Liquid Crystal Palace: Jeremy Blake and his new peers

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Jeremy Blake, Liquid Villa, 1999 Digital C-print 29 x 84 inches Edition of 3 + 1AP

Rhizome Editor and Curator Michael Connor, in his prior capacity as an independent curator, co-organized Liquid Crystal Palaceopening on March 1. Because of its relevance to the Rhizome community, we felt it was worth publishing Michael's writing about the show. Rhizome.org will also present Blake's Liquid Villa as a front page exhibition on March 6 from 3pm to 5pm EST, courtesy Kinz Fine Art and Honor Fraser Gallery.

Jeremy Blake's work seemed to be everywhere in the early 2000s. At the time, I was aware that he was successful in a commercial context, and that he didn't really see himself as a new media artist. (Blake always described himself as a painter.) Both of these things annoyed me about him, because I liked new media art, and I took some perverse pride in its lack of market recognition. It was therefore somewhat annoying that I liked the work. It seemed unsettling and druggy and dangerous, and it felt funny and good in my brain.

Since Blake's tragic death, I've rarely seen the work anywhere, and it sometimes pops into my head. So last year, I decided to look at it again, or as much as I could get my hands on. I was living near LA, and I brought my 2-month old daughter to the highly accommodating Honor Fraser Gallery to go through a stack of DVDs. This time around, Blake suddenly seemed closely connected with a number of other artists working today. The connections that emerged in this new viewing began a thought process that culminated in the exhibition Liquid Crystal Villa, opening tomorrow at Honor Fraser and co-curated with Nate Hitchcock.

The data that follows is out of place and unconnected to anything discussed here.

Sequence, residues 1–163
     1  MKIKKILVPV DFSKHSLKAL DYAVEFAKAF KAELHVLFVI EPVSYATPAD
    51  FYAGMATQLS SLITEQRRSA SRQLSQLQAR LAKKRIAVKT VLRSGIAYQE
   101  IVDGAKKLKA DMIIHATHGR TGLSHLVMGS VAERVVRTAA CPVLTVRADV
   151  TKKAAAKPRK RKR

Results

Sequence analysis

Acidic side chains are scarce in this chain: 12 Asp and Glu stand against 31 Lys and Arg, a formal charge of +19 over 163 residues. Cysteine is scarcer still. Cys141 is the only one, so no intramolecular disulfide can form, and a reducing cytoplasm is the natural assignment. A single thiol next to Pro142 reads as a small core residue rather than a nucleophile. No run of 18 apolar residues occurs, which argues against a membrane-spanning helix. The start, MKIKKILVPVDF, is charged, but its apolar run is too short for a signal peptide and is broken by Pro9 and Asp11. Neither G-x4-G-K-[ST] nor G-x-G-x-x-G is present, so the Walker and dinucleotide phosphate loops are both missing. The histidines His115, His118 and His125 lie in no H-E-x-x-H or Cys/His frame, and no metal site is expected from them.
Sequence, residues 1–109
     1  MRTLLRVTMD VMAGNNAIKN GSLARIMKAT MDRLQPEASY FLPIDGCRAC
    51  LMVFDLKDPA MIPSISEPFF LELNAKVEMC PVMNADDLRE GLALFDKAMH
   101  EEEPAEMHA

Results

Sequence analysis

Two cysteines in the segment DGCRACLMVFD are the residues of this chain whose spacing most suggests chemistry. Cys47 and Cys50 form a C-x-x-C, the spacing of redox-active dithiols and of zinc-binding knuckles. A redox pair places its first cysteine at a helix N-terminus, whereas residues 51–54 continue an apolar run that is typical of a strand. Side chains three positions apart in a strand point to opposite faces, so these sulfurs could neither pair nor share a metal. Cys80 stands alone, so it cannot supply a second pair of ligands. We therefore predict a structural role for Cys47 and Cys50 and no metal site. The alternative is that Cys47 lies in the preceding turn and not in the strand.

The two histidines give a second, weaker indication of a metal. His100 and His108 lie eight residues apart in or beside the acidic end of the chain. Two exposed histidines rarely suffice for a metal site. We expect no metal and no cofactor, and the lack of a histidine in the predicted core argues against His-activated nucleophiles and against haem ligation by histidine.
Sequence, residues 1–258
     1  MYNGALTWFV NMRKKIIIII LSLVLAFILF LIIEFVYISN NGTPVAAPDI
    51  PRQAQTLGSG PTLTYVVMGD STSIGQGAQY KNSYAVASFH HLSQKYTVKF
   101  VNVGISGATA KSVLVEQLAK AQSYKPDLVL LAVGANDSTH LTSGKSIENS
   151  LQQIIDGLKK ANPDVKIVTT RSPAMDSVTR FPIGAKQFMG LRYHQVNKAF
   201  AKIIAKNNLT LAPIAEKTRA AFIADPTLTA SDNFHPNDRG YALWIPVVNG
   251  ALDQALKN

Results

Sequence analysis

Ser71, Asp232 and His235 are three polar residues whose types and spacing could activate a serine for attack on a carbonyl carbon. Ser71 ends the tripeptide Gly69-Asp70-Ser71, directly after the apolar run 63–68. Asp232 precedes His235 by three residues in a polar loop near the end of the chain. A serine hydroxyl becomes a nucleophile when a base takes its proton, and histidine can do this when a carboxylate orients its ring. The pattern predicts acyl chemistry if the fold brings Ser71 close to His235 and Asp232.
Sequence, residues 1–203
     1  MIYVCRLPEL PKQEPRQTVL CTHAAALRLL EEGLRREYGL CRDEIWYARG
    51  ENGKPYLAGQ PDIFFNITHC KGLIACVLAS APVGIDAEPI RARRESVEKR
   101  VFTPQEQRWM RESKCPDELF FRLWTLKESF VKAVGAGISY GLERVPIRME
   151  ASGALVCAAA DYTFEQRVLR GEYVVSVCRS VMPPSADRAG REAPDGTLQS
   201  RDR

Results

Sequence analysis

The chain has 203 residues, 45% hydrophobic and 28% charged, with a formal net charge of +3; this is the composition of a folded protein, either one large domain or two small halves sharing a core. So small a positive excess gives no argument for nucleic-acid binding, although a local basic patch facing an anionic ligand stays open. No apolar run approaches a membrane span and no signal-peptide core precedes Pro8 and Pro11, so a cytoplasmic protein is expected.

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Instagram: Beyond

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Since the release of the iPhone 5s in fall 2013, we’ve noticed the proliferation of advanced video effects on Instagram. Power-users are employing the baked-in slo-mo feature on the new phone's iSight, as well as first- and third-party post-production apps—such as iMovie, Video FX live, InstaCollage, Camstar, Iyan 3D, ArtStudio Lite, and GiantSquare, on iOS and Android devices—to create an entirely new species of image on the popular social network.

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Rafaël Rozendaal: The Shift

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Report from BYOB (Bring Your Own Beamer) Venezia

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video by Rafaël Rozendaal

The 33rd edition of BYOB took place Friday evening on the small Venetian island, San Servolo. For those unfamiliar, the exhibition format brings together internet- savvy artists showcasing their work on their own projectors (“beamers.”) BYOB first launched last year in Berlin by Dutch artists Rafaël Rozendaal and Anne de Vries to combat the reliance upon institutions for the facilitation of new media exhibitions. With BYOBs around the globe, it has quickly gained notoriety as a meet-up point for socializing among new media artists as much as a viable form of exhibition. While Rozendaal now carries the torch for BYOB and has ushered it into a worldwide phenomenon, the question remains: is BYOB a viable form of resistance to institutional reliance or just a big party?

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shape tweens (2011) - Rafaël Rozendaal

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